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U.S. Representatives Hold Committee Vote on Allowing Medical Cannabis for Veterans

The “Veterans Equal Access” amendment’s fate lies in the hands of the House Rules Committee.

by Chris Moore

The fate of veterans hoping to get easier access to medical cannabis is in the hands of the House Rules Committee, who will vote whether to allow an amendment to be added to the Department of Veterans Affairs budget. Rep. Earl Blumenauer's “Veterans Equal Access” amendment would allow VA doctors to recommend medical marijuana for any veteran living in a canna-legal state.

This is Blumenauer's fourth attempt to pass the legislation. His amendment failed to pass the House in 2014 and 2015, but was approved by both chambers of Congress last year. Unfortunately for veterans, a conference committee reconciling the House and Senate versions of the 2016 VA bill cut the amendment at the last minute.

“All we’re trying to do is make conversations between veterans and their VA providers about all treatment options more accessible,” Blumenauer said. “We have Republicans, Democrats, and veterans behind this effort. Our hope is that the Rules Committee will take note of the overwhelming bipartisan support for this amendment, show compassion for our veterans, and give us a vote.”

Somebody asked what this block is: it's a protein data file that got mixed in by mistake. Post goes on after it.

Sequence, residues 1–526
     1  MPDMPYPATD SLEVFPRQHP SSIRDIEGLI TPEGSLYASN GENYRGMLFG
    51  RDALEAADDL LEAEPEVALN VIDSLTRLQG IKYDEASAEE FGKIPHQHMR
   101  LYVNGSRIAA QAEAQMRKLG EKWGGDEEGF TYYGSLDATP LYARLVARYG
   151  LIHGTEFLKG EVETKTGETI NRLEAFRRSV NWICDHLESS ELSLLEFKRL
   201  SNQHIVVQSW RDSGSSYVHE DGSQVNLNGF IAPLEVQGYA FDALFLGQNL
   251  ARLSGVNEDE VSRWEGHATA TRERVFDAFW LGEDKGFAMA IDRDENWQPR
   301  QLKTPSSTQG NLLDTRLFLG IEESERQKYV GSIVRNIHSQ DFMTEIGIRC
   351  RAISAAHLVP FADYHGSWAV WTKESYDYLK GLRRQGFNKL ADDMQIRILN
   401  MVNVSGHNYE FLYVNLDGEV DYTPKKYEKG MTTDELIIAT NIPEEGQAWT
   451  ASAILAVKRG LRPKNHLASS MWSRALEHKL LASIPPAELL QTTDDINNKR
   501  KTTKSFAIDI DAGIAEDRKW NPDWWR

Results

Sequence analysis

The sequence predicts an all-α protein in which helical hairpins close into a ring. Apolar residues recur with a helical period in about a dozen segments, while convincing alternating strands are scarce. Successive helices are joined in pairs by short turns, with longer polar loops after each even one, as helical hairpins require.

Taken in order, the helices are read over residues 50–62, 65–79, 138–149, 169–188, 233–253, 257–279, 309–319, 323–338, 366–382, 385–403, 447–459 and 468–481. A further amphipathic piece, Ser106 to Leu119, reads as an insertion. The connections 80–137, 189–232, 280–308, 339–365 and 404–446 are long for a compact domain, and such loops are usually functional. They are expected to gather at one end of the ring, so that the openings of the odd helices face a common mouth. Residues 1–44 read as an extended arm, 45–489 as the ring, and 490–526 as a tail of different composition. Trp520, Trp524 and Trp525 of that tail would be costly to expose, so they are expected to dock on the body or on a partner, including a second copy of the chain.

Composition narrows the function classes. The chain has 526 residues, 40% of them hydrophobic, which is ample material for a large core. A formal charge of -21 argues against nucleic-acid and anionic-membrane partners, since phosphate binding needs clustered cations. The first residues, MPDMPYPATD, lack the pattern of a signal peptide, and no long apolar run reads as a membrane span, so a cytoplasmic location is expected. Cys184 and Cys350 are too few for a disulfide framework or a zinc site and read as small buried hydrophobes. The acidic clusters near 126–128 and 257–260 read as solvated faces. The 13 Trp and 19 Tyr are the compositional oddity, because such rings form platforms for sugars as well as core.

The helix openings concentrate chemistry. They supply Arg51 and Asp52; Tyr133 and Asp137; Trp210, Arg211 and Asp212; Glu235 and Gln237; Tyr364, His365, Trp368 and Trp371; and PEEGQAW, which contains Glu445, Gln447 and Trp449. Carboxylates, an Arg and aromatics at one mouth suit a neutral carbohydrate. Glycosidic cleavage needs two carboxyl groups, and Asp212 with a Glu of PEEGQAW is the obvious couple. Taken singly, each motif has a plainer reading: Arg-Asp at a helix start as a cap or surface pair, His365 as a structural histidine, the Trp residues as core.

If approved by the Rules Committee, Blumenauer will be able to propose the amendment next week when the House debates the VA appropriations bill. If the committee rejects the amendment, it will be off the table until next year.

The Senate Appropriations Committee has already voted to approve the amendment in the Senate version of the bill. “To not enable an individual to have the conversation with their doctor about the pros and cons of this potential remedy is to take away a dialogue important to a veteran’s health,” said Sen. Jeff Merkley, who proposed the amendment in the Senate. “It’s important we pass this here and make sure it survives conference committee and goes to the president. Let’s take this opportunity to stand up for our soldiers.”

“I believe everything that could help veterans should be debated by Congress and medical experts,” VA Secretary David Shulkin said in May. “If there is compelling evidence that is helpful, I hope the people look at this and come up with a right decision, and we will implement that. There may be some evidence this is beginning to be helpful.”


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Chris Moore is a New York-based writer who has written for Mass Appeal while also mixing records and producing electronic music.



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